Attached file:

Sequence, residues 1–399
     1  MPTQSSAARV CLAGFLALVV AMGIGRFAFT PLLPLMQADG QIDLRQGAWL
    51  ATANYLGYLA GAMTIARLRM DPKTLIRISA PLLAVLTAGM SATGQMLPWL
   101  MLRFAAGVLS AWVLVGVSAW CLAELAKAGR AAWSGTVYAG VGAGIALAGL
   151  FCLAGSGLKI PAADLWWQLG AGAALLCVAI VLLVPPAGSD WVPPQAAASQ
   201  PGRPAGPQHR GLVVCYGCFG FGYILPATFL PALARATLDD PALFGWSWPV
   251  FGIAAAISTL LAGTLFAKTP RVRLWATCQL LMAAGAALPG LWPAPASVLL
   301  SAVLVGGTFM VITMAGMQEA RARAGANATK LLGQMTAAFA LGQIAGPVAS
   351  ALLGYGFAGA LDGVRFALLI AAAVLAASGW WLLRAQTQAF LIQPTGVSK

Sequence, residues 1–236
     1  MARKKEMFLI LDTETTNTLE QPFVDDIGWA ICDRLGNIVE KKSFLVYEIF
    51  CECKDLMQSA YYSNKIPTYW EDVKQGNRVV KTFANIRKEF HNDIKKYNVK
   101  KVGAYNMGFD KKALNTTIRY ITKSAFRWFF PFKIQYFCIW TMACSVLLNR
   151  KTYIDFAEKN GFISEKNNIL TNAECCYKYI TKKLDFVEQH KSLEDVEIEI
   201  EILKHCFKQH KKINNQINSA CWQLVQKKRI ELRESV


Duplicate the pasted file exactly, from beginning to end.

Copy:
Sequence, residues 1–399
     1  MPTQSSAARV CLAGFLALVV AMGIGRFAFT PLLPLMQADG QIDLRQGAWL
    51  ATANYLGYLA GAMTIARLRM DPKTLIRISA PLLAVLTAGM SATGQMLPWL
   101  MLRFAAGVLS AWVLVGVSAW CLAELAKAGR AAWSGTVYAG VGAGIALAGL
   151  FCLAGSGLKI PAADLWWQLG AGAALLCVAI VLLVPPAGSD WVPPQAAASQ
   201  PGRPAGPQHR GLVVCYGCFG FGYILPATFL PALARATLDD PALFGWSWPV
   251  FGIAAAISTL LAGTLFAKTP RVRLWATCQL LMAAGAALPG LWPAPASVLL
   301  SAVLVGGTFM VITMAGMQEA RARAGANATK LLGQMTAAFA LGQIAGPVAS
   351  ALLGYGFAGA LDGVRFALLI AAAVLAASGW WLLRAQTQAF LIQPTGVSK

Sequence, residues 1–236
     1  MARKKEMFLI LDTETTNTLE QPFVDDIGWA ICDRLGNIVE KKSFLVYEIF
    51  CECKDLMQSA YYSNKIPTYW EDVKQGNRVV KTFANIRKEF HNDIKKYNVK
   101  KVGAYNMGFD KKALNTTIRY ITKSAFRWFF PFKIQYFCIW TMACSVLLNR
   151  KTYIDFAEKN GFISEKNNIL TNAECCYKYI TKKLDFVEQH KSLEDVEIEI
   201  EILKHCFKQH KKINNQINSA CWQLVQKKRI ELRESV